Friday, January 4, 2013

HER2 positive and Herceptin

Yesterday was my first solo Herceptin treatment at the cancer center. Some people thought that I was finished 'chemo' and were surprised to hear that I am still going to the cancer center every three weeks until October 2013 for treatments. I decided that this might be a good opportunity to explain HER2, what it means to be HER2 positive, what Herceptin is, how it works and what some of its side effects are.

The information that I am providing has been drawn from a variety of sources, I have put them together in a way that I feel provides an OK description without getting too overly complicated.

I'll start with what HER2 stands for - HER-2 is the acronym that was created to describe the 'human epidermal growth factor receptor 2' gene.

The HER2 gene is responsible for making HER2 protein. When the gene is present in normal amounts, the protein plays an important role in normal cell growth and development. The HER2 protein transmits signals directing cell growth. A healthy breast cell has two copies of the HER2 gene. HER2 positive breast cancer gets started when a breast cell has an overexpression of the HER2 gene. These 'extra' copies start producing too much of the HER2 protein resulting in the affected cells being 'given orders' to grow and divide much too quickly.

A tumor is tested for HER2 status as part of the pathology performed after biopsy, lumpectomy or mastectomy.  

It is estimated that about one in five women diagnosed with breast cancer have HER2 positive tumours. HER2 positive breast cancers tend to be more aggressive than other types of breast cancer and they are more likely to spread to lymph nodes and other organs. Due to this, in the past, women with HER2 positive breast cancer had a poor prognosis (higher rate of recurrence and mortality).

Enter the work of Dr. Dennis Slamon in bringing us Herceptin, first approved for use in advanced breast cancer in 1998, then more widely used for earlier stage HER2 positive breast cancer in 2005. The name herceptin is derived from HER2 and from the words 'intercept' and 'inhibitor'.

Herceptin is a targeted therapy that works by attaching itself to the HER2 receptors on breast cancer cells and blocking them from receiving growth signals. By blocking these signals, Herceptin may slow or even stop the growth of the breast cancer cells. Herceptin may also alert the immune system to destroy cancer cells onto which it is attached.

There is a wonderful movie about Dr. Slamon's work that I have watched recently and would recommend if anyone is interested in what went into getting Herceptin into clinical trials and approved. The movie is titled 'Living Proof' and stars Harry Connick Jr, well done and not too clinical, the focus is more on relationships and on the stories of the women that he worked with in the clinical trials.

For a primary breast cancer, Herceptin is usually given once every three weeks for a year. I had my first three infusions in combination with the chemo drug Taxotere and now I will continue for 14 treatments of Herceptin alone, once every three weeks, given intravenously through my port.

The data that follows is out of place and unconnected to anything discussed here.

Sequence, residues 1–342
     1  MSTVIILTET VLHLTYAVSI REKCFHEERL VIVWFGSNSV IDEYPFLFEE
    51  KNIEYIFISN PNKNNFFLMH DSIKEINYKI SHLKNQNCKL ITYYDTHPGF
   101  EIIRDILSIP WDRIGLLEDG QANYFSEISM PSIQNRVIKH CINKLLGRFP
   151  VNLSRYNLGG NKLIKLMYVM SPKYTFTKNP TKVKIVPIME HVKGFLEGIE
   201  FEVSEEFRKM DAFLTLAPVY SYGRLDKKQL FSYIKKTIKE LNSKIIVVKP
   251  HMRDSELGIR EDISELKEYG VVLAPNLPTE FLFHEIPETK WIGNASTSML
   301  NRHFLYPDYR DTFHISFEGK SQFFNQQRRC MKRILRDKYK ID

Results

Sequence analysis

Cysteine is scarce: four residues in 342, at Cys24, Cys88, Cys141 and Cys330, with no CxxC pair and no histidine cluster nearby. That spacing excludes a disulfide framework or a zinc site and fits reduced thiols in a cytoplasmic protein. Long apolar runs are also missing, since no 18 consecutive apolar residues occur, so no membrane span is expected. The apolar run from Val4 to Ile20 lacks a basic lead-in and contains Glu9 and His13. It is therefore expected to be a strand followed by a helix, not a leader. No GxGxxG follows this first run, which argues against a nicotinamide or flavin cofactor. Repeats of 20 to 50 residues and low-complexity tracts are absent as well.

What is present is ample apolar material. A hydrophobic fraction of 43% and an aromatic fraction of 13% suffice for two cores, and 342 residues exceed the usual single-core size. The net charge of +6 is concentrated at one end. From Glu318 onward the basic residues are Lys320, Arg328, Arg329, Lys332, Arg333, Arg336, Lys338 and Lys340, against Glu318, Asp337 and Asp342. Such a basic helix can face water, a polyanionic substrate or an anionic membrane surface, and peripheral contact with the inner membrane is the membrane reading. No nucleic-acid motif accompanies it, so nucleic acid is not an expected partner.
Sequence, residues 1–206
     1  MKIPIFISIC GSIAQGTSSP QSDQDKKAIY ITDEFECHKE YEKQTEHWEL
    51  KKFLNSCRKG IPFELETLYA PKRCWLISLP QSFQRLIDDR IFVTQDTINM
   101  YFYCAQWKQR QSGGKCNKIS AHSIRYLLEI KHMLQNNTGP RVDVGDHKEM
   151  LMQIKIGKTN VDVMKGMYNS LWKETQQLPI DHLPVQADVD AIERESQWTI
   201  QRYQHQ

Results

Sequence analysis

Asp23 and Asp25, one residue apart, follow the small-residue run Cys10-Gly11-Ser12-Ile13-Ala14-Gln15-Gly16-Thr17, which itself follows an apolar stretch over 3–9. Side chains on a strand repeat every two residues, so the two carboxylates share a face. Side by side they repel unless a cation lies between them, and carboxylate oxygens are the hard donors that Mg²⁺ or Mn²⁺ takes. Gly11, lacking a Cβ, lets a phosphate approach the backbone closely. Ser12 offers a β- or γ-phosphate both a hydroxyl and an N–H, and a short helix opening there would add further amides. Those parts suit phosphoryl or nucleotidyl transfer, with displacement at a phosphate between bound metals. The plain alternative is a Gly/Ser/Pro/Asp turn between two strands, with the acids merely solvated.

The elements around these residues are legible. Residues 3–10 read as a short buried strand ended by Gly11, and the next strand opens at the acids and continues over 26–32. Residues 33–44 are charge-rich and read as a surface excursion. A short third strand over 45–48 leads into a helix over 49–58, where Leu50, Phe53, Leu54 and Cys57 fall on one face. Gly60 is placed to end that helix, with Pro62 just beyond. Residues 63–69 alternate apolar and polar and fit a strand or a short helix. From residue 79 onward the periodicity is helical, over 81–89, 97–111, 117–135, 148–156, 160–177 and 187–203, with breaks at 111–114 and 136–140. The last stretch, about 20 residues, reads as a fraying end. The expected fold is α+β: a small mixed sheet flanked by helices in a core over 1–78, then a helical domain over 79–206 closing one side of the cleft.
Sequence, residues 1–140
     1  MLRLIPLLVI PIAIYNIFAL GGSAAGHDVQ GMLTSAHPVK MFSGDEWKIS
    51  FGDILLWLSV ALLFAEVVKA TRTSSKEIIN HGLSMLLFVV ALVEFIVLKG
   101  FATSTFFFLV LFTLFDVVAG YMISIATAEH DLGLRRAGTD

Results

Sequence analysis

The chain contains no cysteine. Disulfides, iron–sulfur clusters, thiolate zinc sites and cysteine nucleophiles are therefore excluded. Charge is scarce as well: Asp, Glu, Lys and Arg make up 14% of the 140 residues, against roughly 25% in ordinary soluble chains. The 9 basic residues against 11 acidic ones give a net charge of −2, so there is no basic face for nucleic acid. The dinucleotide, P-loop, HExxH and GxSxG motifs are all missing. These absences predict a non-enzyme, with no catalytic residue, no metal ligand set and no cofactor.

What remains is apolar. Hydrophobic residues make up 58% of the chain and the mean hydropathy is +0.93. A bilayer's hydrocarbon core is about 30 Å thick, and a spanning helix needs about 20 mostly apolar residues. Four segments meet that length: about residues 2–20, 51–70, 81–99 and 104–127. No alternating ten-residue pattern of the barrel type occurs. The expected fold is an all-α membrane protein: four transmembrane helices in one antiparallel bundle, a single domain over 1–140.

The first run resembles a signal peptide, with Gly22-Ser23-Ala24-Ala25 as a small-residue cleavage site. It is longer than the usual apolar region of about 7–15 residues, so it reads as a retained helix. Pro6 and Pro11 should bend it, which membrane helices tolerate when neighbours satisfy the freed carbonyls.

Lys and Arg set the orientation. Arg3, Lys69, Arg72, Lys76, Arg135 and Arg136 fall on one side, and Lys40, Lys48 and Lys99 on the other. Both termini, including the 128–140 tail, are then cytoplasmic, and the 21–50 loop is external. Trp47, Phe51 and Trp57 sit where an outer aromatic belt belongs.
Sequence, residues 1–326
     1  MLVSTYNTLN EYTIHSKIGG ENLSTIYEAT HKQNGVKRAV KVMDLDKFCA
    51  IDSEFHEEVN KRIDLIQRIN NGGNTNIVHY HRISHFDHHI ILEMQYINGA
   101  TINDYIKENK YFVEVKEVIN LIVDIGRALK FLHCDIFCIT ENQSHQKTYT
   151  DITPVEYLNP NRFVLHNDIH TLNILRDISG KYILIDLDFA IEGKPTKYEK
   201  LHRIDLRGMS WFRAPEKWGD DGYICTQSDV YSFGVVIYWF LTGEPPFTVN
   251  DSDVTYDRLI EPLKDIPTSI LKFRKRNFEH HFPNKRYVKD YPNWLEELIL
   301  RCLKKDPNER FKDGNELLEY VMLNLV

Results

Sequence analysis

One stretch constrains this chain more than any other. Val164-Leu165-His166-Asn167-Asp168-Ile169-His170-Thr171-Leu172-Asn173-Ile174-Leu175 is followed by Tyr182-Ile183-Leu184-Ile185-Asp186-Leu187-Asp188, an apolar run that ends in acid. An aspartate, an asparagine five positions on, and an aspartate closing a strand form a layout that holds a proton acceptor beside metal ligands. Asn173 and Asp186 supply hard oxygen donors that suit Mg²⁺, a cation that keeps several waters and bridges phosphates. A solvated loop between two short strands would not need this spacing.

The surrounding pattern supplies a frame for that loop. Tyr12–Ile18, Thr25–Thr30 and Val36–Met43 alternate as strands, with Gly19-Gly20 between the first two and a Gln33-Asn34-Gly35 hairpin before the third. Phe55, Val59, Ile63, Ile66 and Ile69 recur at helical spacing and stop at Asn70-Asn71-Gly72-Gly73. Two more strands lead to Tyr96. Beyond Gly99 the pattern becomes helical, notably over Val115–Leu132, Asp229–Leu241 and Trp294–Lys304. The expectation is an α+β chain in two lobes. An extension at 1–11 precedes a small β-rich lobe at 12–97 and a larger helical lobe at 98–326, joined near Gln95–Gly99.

Some of the most common side effects of Herceptin can be low grade fever with chills, weakness, nausea and body pain. Less common side effects include headache, abdominal pain, back pain, infection from decreased white blood cell count, flu-like symptoms, vomiting and diarrhea, sleep problems, skin rash, dizziness, swelling of the feet, ankles or hands and neuropathy (tingling of fingers and toes). It can cause heart problems and congestive heart failure which is one of the reasons they did a baseline MUGA scan on me last summer prior to starting chemo and why I am having another MUGA scan on January 7th.

The list of side effects can seem overwhelming at first look but not every one has every side effect, some people are lucky enough to have none. So far following my first solo Herceptin I did experience a headache last evening, accompanied by a feeling like I have a head cold that started while it was infusing. I'm told that Kleenex will continue to be my best friend during treatment due to the runny nose that is common with treatment. I was already experiencing body pain and neuropathy from the previous chemo so it's hard to tell if it is any worse than it was before, definitely tolerable at the moment anyway. I also have been experiencing some swelling prior to yesterday's treatment, so far it is no worse than it had been before.

Due to the possibility of side effects, my oncologist has scheduled my treatments to occur on a Thursday so that I have a long weekend (if needed) in which to get over the worst of the effects before going back to work on the following Monday.

There you have it, Herceptin and HER2 in a nutshell.

Take care, everyone.


  1. That's a great post. My mother is going through same procedure, almost same dates as yours, and people around us, don't know whats going on. We have to explain everyone in detail whats HER2 is and why is she still getting this injection after completion of chemo.
    I have been reading a lot about all procedure and requirements, Your post sums it all.
    I wish you get well soon :)

  2. Thanks for the explanation. I am a nurse and like to understand the treatment I am having. I am currently on herceptin and have just had number 10. I find it draining but do manage to continue with most aspects of my life, with regular rests as I get tired especially around the time of treatment. I am considering going back to work soon.

  3. maggie.danhakl@healthline.comMay 1, 2014 at 10:22 PM

    Hello Laura,

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    I thought they would be of interest to your followers as well, and I wanted to see if you would include it as a resource on your page:

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